"And there's another thing which I understand IS not unusual, but it's mighty impressive to me. There's this chap named Dave at AI's Hobby Shop in Elmhurst. There have been days when I have been on that phone with him six times, even during the pre-Christmas rush. I try to make my questions brief knowing how busy he is, but I've been in here trying to find my way through a kit and not even knowing the names of the different parts, and I'd quick-call Dave. He's never once been the least impatient.
"I got 10½ flights out of that first ARF, a Comet II, then foolishly made a low level downwind turn-shmoosh! I went from that to these Dubro's that I completed this winter and which I've not yet had a chance to fly-one high wing, one low wing. Some magazine mentioned that a good thing to do in the winter is build up a fleet of models. After losing one and having nothing to fly, including some of my servos being damaged, I wrote a letter to Santa Claus and "she" brought me a second ProLine. Santa Claus also brought this new RCM Trainer kit, the first thing that I've started from scratch.
"I already have the "Big 88" kit coming from Amarillo so Paul and I will be ready for Spring! I know it's pretty bold with no more experience than I have, but I thought I'd at least try to put flaps and running lights on the big 88-incher and make some other modifications of my own. It's got to be exciting!
"I don't know how long my intensity of interest in this hobby will sustain. There's no way of knowing. But right now my office has instructions to put telephone calls to and from the hobby shop on the priority list.
"My first intention was to start small-single-channel-but club members at Miller Meadow counseled against it, saying they knew I wouldn't be happy with proportional very long. So I got the multi-channel and have been very glad I did. Now with the second set and the buddy cord, young Paul and I can share the test flights.
"A friend test-hopped our first Comet-Bill Kadlec, an excellent flier and patient teacher. He and Ben Miller did all takeoffs and landings for me at the beginning. I was absolutely stunned to learn that somebody with as many big plane hours as I, was such a lousy little plane pilot. I just couldn't believe to what ridiculous extent I was over-controlling that thing. There I'd been, cruising comfortably at jet speeds, and this little thing at ninety mph had me trembling. It's learning all over again. I don't see that being a pilot is any advantage whatever. Certainly not so far as technique is concerned.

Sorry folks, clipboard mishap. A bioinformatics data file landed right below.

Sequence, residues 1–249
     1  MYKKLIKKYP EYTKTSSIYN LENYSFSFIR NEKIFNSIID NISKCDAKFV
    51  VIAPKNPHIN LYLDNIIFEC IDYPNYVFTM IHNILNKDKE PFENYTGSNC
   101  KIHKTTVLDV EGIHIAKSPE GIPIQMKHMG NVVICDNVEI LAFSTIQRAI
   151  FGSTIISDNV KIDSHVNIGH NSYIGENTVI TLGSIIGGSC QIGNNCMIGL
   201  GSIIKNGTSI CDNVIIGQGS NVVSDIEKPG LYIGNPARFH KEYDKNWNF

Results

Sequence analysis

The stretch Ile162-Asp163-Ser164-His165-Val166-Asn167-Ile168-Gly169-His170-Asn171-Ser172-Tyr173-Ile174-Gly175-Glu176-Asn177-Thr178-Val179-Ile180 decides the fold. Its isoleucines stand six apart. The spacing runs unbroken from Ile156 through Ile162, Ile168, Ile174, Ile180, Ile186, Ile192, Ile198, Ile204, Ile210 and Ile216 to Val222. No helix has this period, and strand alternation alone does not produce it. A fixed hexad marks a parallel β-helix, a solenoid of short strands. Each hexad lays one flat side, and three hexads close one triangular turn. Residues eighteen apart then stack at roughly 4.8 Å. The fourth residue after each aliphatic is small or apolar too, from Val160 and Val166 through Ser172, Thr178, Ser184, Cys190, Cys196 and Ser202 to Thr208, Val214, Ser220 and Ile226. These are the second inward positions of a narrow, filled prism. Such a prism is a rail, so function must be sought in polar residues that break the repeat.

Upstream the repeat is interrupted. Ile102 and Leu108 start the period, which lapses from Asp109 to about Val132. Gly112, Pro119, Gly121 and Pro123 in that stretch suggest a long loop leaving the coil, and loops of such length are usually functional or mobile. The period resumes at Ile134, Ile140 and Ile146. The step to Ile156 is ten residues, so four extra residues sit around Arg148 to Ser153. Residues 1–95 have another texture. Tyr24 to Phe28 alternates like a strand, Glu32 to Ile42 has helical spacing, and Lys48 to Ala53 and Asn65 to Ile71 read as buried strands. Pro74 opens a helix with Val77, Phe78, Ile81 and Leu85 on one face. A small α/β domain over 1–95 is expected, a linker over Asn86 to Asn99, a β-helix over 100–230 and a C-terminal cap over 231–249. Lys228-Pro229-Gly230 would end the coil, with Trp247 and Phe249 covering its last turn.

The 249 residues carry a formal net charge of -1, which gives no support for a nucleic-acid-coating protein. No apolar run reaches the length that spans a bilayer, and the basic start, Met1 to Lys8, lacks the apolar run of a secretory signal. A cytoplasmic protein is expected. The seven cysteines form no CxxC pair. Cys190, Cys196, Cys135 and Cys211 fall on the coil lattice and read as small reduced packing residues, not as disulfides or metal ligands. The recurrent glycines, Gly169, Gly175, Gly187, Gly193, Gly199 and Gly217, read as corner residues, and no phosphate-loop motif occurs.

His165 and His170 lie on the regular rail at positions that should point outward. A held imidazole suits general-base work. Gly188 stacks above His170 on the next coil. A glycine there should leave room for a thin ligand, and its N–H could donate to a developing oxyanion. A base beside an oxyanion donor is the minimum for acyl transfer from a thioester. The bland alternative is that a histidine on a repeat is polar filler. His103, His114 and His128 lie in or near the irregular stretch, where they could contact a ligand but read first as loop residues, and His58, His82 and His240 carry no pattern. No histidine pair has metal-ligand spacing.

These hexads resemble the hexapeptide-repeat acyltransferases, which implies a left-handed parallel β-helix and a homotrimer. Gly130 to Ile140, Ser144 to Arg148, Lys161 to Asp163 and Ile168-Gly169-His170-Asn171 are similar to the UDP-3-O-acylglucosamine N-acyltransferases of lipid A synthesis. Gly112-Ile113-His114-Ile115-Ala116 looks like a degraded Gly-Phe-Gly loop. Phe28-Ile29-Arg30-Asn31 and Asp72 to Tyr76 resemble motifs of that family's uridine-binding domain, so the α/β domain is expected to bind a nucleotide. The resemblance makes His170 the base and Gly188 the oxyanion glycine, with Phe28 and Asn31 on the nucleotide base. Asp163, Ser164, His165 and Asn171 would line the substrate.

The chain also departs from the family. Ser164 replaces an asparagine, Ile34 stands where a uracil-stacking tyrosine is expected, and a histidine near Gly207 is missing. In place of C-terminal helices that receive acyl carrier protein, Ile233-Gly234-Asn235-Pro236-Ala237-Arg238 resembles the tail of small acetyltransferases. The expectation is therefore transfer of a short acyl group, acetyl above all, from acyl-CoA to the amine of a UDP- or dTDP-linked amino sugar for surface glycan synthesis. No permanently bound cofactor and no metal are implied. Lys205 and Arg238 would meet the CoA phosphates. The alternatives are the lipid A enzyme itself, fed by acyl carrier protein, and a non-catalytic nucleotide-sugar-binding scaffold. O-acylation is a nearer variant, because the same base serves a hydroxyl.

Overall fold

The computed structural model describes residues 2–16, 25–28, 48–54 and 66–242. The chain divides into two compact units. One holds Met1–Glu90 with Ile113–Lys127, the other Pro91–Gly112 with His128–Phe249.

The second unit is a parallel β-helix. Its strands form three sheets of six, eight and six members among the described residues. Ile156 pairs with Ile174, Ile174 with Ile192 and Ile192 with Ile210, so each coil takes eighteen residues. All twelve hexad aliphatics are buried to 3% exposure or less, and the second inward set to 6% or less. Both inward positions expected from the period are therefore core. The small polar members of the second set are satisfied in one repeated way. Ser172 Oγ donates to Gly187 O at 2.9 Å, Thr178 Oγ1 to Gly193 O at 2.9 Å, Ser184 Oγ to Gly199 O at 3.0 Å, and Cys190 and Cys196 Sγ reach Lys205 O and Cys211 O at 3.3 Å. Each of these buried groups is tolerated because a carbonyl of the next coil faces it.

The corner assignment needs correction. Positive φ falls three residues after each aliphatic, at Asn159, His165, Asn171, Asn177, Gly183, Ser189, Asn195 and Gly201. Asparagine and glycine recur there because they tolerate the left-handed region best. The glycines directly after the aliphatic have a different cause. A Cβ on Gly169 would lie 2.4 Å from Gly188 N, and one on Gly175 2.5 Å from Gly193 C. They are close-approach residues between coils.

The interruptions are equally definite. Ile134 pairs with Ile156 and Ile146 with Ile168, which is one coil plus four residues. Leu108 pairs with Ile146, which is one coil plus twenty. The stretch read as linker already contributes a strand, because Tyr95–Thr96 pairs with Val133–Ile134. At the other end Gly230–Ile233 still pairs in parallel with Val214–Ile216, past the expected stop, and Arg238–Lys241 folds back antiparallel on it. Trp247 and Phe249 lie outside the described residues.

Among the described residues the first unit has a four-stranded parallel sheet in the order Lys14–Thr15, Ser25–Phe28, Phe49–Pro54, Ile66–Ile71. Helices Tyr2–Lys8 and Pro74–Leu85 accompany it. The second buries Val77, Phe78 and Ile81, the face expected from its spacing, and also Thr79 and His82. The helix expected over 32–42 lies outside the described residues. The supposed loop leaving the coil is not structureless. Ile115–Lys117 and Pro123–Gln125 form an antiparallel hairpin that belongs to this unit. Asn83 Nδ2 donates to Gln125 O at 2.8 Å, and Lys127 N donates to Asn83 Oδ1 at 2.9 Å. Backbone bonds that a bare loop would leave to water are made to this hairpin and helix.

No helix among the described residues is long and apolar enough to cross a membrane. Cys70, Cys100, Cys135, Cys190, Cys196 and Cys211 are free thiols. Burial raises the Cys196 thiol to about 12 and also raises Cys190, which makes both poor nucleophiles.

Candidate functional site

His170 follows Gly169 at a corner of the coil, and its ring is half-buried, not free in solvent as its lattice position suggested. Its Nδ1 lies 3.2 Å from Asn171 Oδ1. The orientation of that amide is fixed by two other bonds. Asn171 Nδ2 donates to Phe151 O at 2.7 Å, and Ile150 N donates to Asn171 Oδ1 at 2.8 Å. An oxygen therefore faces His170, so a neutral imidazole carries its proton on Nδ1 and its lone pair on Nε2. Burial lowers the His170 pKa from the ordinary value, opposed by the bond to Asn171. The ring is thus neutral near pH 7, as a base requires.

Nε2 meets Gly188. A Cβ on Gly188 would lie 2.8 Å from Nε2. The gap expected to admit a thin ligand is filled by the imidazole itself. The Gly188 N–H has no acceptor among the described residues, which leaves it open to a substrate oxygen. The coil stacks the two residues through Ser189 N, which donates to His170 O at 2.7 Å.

"More than any sport, modeling is wonderful therapy. Even to slip down here to the workshop for an hour in an evening is immensely relaxing. It takes you far away from the ugly headlines. Mostly mud and blood make news. So it's nice to have this refreshing diversion that requires your total concentration.
"My workday begins at 4:30 a.m., when I start preparing the first broadcast. After that's done, I start preparing the second broadcast. After that I write the newspaper column and the daily television commentary.
"I love work. Many days I start at 4:30 a.m. and do all of my broadcasts, telecasts and newspaper columns, fly to New Orleans and make a speech and get back in here at 3 :30 a.m., take a shower, shave, and go right to work again. But my vocation and avocation have been the same thing. I love to work so much I'd do it for nothing if I had to. Even idle hours I want to employ constructively and this to me is that.
"So those days when I'm not filling a speaking engagement somewhere, I come home early afternoons and play airplane designer.
"Yes, I've mentioned this hobby publicly-with pride. Anything that accentuates the positive, anything that bridges the so-called generation gap, anything that preoccupies young people with something useful and constructive, should be held up as a worthy example. I think we newsmen should accentuate the positive more than we do. Too consistently the only young people we report in the news anymore are the troublemakers, the screwballs, and the ones with this tantrum syndrome who lie down in the streets and kick up their heels and demand, and demand, and demand, and demand. Isn't it wonderful that we have outlets like this that are attracting more and more people everyday?
"I'm regretful only that the costs involved preclude sophisticated modeling for some young folks. But, maybe some of us can help out there, too.
"I gave one of our old CL models to the 'Y.' I don't think those things ought to hang around in workshops when they're not being used-not since there are YMCA's, Boy Scouts and the Salvation Army and other organizations that can put them into the hands of a youngster who can't afford them. Maybe more of us ought to do more of that!"
"Paul Harvey .... Good day'"